Since it’s a weekday not even mentioning it’s the last day of the year (ooops I just did)….I’ve decided to park at the very beginning of the park, right after we pulled in next to The Oregon Grill entrance (Kurtz lane). There is a small area here specifically kept for participants of the Community Garden but it’s winter. I figured it’ll be fine. Other times I wouldn’t do it.
We walk past the gardens while admiring someone’s gorgeous greens showing obvious signs of a mild winter. On our left the low set sun shines through a wall of fir trees.
After leaving the garden the area opens up to high grasses and wildflowers framed on both sides by different species of trees.
I could take thousands of photos just of the dried Black-eyed Susans. I think they are beautiful.
Following the trail around the grassland, I still peek into the birdhouse to see eggs. There a few of them. I guess they will be thrown out before spring arrives to accommodate new renters.
Getting closer to Oregon Branch the soil gets overly saturated with water and I am – as always – glad for wearing my trusty boots. Mag has a dilemma to cross the creek above or get wet. He will chose getting soaked….
Walking now on the other side of the therapeutic stream we head west, following it keeping on the edge of yet another meadow. Under some trees Mag cuts in and we end up at the Branch.
Coming back up to circle around towards the farm houses we notice the entrance to the archery range. I’ve never seen anyone shooting here so we brave ourselves into the woods. We notice a bee house and gorgeous tall trees reaching for the clouds, among information about one of the quarries.
We keep to the right, reaching the Forest of Hope. I try to take photos of different paintings every time.
When the trail splits into 4 branches we chose the left side and walk towards the birds enclosures straight ahead. On the right separated from the others is an injured hawk (in the summer there was an owl here). We walk slowly trying not to disturb his peace.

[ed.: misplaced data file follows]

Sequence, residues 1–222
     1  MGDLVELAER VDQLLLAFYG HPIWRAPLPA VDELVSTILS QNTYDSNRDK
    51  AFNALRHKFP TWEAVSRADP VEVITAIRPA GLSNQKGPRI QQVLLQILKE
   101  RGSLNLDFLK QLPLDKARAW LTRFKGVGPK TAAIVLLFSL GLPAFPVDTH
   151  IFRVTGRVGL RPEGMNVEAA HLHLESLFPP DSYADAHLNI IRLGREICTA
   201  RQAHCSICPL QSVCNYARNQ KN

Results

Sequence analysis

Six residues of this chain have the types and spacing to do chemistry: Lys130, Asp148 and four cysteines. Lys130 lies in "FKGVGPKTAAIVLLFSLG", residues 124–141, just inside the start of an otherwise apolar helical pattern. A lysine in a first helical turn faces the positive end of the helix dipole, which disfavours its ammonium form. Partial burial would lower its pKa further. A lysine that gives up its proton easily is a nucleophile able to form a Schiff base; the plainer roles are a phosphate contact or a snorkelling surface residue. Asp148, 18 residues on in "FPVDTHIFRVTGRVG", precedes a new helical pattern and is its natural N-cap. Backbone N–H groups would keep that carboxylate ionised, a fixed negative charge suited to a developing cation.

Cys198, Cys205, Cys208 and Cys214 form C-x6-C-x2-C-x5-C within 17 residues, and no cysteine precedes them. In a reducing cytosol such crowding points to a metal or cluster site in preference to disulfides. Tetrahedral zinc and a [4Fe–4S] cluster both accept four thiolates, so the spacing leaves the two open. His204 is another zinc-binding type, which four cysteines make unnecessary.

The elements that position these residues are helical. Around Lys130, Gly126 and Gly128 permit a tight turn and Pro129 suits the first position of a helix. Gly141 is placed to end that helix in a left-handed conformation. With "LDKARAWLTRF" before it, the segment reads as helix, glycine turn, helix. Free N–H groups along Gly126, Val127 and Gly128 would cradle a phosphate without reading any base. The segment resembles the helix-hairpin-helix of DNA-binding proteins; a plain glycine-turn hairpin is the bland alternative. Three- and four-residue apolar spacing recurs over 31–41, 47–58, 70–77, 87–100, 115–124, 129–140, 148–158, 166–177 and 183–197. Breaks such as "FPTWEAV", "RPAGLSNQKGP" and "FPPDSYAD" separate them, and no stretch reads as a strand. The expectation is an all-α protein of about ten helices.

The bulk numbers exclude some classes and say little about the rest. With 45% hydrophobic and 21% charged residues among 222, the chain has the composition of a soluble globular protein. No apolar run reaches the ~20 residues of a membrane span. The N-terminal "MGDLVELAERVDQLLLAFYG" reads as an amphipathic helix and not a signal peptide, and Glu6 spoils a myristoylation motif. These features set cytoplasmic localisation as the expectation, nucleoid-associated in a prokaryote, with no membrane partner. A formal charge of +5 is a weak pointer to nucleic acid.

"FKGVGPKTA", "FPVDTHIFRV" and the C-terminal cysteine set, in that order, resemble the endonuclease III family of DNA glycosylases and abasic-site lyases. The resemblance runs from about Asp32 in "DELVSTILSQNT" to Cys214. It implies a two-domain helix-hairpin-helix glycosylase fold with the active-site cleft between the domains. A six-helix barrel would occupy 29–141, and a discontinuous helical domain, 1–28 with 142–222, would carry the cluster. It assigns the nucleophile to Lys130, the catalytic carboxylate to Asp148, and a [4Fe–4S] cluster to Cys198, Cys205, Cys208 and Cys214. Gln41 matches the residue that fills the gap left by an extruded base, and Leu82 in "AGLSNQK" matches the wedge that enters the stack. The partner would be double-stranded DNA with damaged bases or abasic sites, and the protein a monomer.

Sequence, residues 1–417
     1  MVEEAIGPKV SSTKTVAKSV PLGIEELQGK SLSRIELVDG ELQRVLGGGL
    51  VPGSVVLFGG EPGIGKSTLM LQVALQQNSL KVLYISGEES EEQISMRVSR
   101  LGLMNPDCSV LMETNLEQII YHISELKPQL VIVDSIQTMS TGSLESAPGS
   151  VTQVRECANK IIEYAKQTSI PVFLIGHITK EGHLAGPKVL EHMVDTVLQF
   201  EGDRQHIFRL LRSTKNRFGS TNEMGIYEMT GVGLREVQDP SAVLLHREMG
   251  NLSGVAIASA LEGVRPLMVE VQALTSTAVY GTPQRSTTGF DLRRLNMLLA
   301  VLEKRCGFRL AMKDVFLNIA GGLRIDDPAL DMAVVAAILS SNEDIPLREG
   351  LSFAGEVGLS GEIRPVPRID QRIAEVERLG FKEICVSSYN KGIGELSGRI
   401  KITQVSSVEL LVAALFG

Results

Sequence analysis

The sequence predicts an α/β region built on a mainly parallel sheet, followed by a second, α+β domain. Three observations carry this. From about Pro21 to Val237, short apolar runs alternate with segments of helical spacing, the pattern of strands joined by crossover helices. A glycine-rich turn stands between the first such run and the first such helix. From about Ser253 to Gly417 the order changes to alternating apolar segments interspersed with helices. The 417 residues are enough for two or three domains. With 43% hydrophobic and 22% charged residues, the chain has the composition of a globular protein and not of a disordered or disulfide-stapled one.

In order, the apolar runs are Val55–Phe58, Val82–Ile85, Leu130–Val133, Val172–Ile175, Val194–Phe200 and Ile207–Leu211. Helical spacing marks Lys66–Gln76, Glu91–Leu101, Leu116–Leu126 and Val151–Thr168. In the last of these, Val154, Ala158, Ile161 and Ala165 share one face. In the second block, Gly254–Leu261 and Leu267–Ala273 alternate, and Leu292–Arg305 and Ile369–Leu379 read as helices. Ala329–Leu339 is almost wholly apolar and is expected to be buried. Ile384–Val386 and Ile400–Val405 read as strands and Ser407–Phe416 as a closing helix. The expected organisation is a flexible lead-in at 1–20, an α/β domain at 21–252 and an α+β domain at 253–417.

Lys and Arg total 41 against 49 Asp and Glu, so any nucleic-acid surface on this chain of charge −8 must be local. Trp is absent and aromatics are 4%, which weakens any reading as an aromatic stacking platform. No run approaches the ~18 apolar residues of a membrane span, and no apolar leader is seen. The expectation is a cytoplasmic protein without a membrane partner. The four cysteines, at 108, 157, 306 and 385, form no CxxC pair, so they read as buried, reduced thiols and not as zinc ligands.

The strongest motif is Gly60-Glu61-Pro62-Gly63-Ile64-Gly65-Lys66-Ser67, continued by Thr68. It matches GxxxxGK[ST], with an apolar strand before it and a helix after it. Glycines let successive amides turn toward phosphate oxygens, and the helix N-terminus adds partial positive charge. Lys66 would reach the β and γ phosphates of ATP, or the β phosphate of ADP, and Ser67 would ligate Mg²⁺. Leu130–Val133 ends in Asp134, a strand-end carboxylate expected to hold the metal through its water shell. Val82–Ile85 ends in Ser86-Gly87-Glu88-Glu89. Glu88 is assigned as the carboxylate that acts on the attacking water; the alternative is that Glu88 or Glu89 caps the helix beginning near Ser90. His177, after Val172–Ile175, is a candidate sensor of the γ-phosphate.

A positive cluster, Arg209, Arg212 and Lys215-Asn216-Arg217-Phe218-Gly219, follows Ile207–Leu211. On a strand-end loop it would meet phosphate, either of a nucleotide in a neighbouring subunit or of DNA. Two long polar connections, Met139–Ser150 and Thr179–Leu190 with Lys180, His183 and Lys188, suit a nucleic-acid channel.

I don’t let Mag close to the other birds either, respecting them as well. Jumpy and over excited dogs (or kids) can be shocking for them as well. We rather walk through the kids educational playground since it’s empty. Mag is really good not leaving any surprises (pee/poo) at places like this. They also have a tiny area for kids to learn about gardening. Very cute!
Heading out from here to the left there is another fenced area across of mostly wildflowers to help bees do their extremely important work. I don’t take Mag in here.
There is also a big handmade bee house next to the trail.
Now we zig-zag through the meadow, until we get to the entrance of the small bog. It’s lined with easy to spot yellow-white bee hives. Amazingly they are buzzing around and Mag shows high interest in them. As soon as we are down at the water there is an awesome covered watching bench.
Coming out on the other side we are approaching the original miner buildings and the bridge beyond.
We have no other choice but to cross on the Kurtz lane bridge. Waiting for the right time to miss cars coming at the same time we are on it. It’s not heavy traffic since this road is only for the park but I feel more comfortable not having cars right by us on a small bridge like this one. I still manage to take a photo of the creek while crossing.
On our left, ahead, is a beautiful green pasture topped with fluffy white clouds.
While walking towards our car I get distracted by a Red-shouldered hawk sitting on pole in the middle of the field to our left. Off course we head towards him. He ends up flying away before we could reach there but the fir trees inviting me to take a photo of there sunny side now.
Enjoying our last few hundred yards I notice a cloud jumping dolphin up in the sky.
Circling around the Community garden we arrive back to our vehicle.
Here is the ResQWalk map with its zig-zagging orange line. 1.57 mile is quite a great accomplishment in such a small area. Elevation is minimal, just have to have boots on depending on the season.
Here is my hand drawn map on satellite image to see details. Not a 100% accurate but will do.
Hope to see you around one of these days out there!